Local support Rifle Club looked like they shouldn’t be out on a school night, especially their drummer who very much had a Hanson-esque quality about him, as was the murmured agreement amongst the audience. This was a technically proficient band, and they obviously had access to their parents’ or older siblings’ record collections, covering the Stooges No Fun in full and excerpting the Velvet Underground’s Heroin during equipment issues when part of the drum pedal was lost in the bass drum. A significant turn off was the singer’s clearly obvious fixation on the Arctic Monkey’s Alex Turner, covering that band’s Fake Tales of San Francisco down to the Sheffield accent. If they can manage to find their own voice and individuality there is hope for them.

Sporting a pencil thin moustache not unlike transgressive filmmaker John Waters, Kid Congo Powers, the Cramps, Gun Club, Bad Seeds veteran returns, although not exactly from the dead. He’s eclectically dressed in a shiny cape looking either like a Vampire magician or a late night TV show host presenting repeats of black and white retro horror B movies. In fact, they commence their set with their single of the theme song from B movie Spider Baby. A couple of songs in, Kid introduces bass guitarist Kiki Solis and announces, “tonight you all have a date with him… but it’s in some psychic future”, prior to a song of that title, one of many cryptic song introductions throughout the set. The other Pink Monkey Birds, guitarist Mark Cisneros and drummer Ron Miller are gradually introduced as song after song of voodoo blues inspired 50s monster mash ups with vocals drenched in reverb almost flow from one into the next. The rabid audience embrace Kid’s kitcsh and schlock and are loving every minute. I note a girl in front of Kid kissing his hand at every opportunity with Kid actually having to pull free from her grasp at one point in order to be able to play his guitar.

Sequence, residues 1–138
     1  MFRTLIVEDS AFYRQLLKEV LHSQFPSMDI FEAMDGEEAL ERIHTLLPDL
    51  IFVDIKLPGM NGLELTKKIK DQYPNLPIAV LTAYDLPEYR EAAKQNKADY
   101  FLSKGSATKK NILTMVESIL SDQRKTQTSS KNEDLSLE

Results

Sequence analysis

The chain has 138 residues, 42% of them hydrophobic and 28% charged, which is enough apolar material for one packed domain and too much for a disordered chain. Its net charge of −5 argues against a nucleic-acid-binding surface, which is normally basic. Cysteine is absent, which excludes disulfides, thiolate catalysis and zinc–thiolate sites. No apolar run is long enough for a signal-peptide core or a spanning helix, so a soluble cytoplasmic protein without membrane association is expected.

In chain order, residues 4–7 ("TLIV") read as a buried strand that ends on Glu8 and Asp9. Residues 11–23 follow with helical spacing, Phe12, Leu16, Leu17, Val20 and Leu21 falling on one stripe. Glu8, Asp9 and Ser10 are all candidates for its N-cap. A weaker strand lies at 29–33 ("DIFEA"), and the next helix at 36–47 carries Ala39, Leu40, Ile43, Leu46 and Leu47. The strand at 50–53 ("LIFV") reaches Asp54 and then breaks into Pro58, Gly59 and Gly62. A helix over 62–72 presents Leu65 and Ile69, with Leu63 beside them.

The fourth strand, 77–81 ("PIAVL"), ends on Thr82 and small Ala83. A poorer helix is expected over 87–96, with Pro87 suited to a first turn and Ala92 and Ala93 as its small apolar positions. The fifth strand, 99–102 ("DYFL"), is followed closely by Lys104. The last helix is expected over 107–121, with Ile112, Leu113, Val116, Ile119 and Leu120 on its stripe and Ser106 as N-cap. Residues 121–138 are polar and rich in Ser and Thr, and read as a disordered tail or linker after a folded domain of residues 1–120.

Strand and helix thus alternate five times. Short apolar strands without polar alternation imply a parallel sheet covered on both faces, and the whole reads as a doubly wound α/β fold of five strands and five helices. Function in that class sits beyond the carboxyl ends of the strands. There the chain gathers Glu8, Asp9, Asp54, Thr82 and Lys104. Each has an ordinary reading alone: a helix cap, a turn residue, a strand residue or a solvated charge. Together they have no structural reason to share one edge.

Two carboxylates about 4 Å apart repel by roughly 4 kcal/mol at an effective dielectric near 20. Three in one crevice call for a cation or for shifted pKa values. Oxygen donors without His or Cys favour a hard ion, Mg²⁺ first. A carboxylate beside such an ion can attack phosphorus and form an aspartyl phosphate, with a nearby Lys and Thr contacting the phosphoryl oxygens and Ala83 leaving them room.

Although not playing any Nick Cave songs, Kid does occasionally dip into the back catalogue of the two other major bands he has played with, performing a couple of songs from the Cramps, New Kind of Kick and Can’t Find My Mind, and from the Gun Club’s Fire of Love album including For the love of Ivy and Sex Beat. The rest of the set is dominated mainly by songs from the last Pink Monkey Birds album, 2016’s La Arana es La Vida.

The Pink Monkey Birds are clearly enjoying playing back up to Kid but are just as bemused as the audience by his idiosyncratic between song diversions about licking cracks in the pavement where clowns are hiding and his avowed fondness for Australia’s spiders prior to their performance of La Arana. Kid mistakenly thanks the support, “Wolf Club” but is corrected by his band mates, not before stating that any band with “club” in the name is okay by him. The Pink Monkey Birds also have some drum issues of their own, Kid asks to borrow the support band’s snare drum and with little response, he considers that because it’s a school night they might have gone home already.

While it is freezing cold outside, inside gets progressively uncomfortably warmer for those packed tight in the band room of the Crown and Anchor Hotel and by the end of their main set drummer Ron Miller’s shirt is soaked through. The band doesn’t quite leave the stage, Kid removing his shiny cape prior to Sex Beat which commences the encore. The set ends with the epic Five Points / Howards End, Kid playing an extended slide guitar intro before the rest of the band joins him to jam like it’s a mutant variation on Fleetwood Mac’s Albatross. Kid thanks Adelaide and then it’s over until the next time although not before some meeting and greeting over by the merch table.

Live Review by Jason Leigh